Since the dawn of time, global commerce has been linked to economic development. From the Silk Road, which connected China and the Far East with the Middle East and Europe, to the rise of e-commerce, exchanging one product for another has had an indelible impact on the world.
Commerce has developed in three major phases, each generation using available technology to improve the failures of the last one. Each of these phases have led to the rise of some of the biggest companies, and while Commerce 3.0 is still in its infancy, I believe it holds the key to greatest value creation mankind has seen.
Commerce 1.0 – Centralized retail
Commerce 1.0 was the age of physical retail, the nostalgic era of Blockbuster and comic bookstores characterized by storefronts located near customers. While many small businesses grew in this era, the biggest winners were large retailers like Walmart and Costco who built chains of stores across the country and secured customer loyalty (coincidentally, this was when loyalty cards where invented).
However, the limitations of this model became apparent – all but the largest brands were limited to their immediate communities, and the cost of growth remained high.
Commerce 2.0 – Centralized E-commerce
The rise of the internet in the 90s ushered in Commerce 2.0 with its low cost, high scale e-commerce model that presented a new opportunity for sellers everywhere to grow their businesses, as they could now reach more customers and increase their income. This current era of commerce has created a few winners like Amazon and Alibaba who exert enormous influence on nearly every aspect of the commerce experience and take all the cake, leaving millions of small businesses and retailers struggling to survive.
Commerce 2.0 is killing sellers
The monopoly power centralized e-commerce platforms hold over retailers and small businesses is an indication that the current e-commerce business model is broken. By giving platforms all the power, brands and independent retailers constantly live in fear of their businesses evaporating overnight due to an algorithm change or direct competition from the platform itself.
For example, a close look at the retail business model of Amazon shows a startling conflict of interest. The company sells directly on Amazon.com, reaping the profits directly while simultaneously competing with independent third-party retailers who pay a referral fee and a percentage of all sales to sell on the platform. This model allows Amazon to function as a gatekeeper to their competition as it controls access to the online market while also exploiting and undermining small businesses. This is why 75 percent of independent retailers rank Amazon’s dominance as a significant threat to their survival.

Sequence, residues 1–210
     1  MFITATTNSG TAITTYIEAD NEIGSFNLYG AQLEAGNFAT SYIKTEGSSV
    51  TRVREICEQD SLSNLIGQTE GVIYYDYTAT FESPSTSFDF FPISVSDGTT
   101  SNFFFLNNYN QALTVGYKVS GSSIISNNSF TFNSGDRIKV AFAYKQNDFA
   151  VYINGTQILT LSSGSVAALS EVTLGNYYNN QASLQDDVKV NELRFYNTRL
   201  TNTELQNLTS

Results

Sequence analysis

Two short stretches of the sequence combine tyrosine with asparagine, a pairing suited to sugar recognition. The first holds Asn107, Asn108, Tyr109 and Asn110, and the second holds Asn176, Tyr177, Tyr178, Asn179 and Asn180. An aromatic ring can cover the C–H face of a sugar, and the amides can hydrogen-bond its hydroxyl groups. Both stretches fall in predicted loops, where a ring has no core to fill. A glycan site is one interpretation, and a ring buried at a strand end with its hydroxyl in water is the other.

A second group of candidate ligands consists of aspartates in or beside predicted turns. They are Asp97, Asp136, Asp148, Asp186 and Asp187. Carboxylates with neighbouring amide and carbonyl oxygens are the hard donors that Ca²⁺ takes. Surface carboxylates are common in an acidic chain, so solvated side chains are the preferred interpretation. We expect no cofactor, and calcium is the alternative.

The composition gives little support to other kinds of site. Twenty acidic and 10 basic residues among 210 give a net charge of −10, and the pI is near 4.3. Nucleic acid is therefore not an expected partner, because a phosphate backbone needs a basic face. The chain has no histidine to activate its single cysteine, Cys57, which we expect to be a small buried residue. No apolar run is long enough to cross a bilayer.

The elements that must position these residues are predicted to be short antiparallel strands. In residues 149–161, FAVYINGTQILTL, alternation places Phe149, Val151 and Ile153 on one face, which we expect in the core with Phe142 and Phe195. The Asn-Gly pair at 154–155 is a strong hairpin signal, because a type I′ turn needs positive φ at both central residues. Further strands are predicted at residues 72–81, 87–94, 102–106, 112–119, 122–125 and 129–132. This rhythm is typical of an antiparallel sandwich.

Amazon isn’t the problem, centralization is. The centralized model will have sellers remain powerless and blindly trust the platforms they helped build – (P.S Trusting Bezos with your business, or Zuckerberg with your data is a VERY bad idea). However, commerce 3.0 is changing the narrative.
Commerce 3.0 – Decentralized commerce
Where Commerce 1.0 and 2.0 had large authoritative entities deciding how commerce works, Commerce 3.0 reconfigures the decision-making structure, removing the need for a central authority and the cost of the centralized middleman.
Open commerce is a main feature of Commerce 3.0 and is a system built on trust and transparency where brands and sellers can reach their customers directly, are free to choose how and where to deliver their products while also gaining full access to valuable data collated at POS. With decentralized open commerce, brands and sellers can sell their goods to anyone, anywhere without restrictions and at lower costs than centralized authorities.
Just as cryptocurrency revolution democratized money and made it possible for anybody with a mobile phone and internet to send, receive and hold money, even in the most remote parts of the world, we must create similarly decentralized platforms for commerce where merchants are in control and do not need to bow to large corporations that do not have their best interests. This is what we are building at RedCloud.
Creating a “sell anywhere” economy
RedCloud is the world’s first open commerce platform that puts power back in the hands of retailers and small businesses and allows them to engage in open frictionless commerce. With RedCloud, merchants across the world’s fastest-growing markets can connect with global brands directly or via any distributor, allowing them to run their businesses with more confidence and efficiency.
For merchants in emerging markets, signing up to RedCloud means that for the first time, they gain more access to more products, improved visibility into what is locally available, and for the unbanked majority, build up a digital profile.
I leave you with this final thought. By 2025, over 1 billion new merchants would be created to serve the 5 billion new middle-class consumers in emerging markets, a majority of whom will adopt online commerce. Which model do you think would be better for the world? One where merchants must pay exorbitant fees to reach their customers and live in fear of their businesses vanishing? Or a frictionless, ‘sell anywhere economy’, providing economic empowerment to the world’s next billion entrepreneurs, rather than the world’s next entrepreneur billionaire.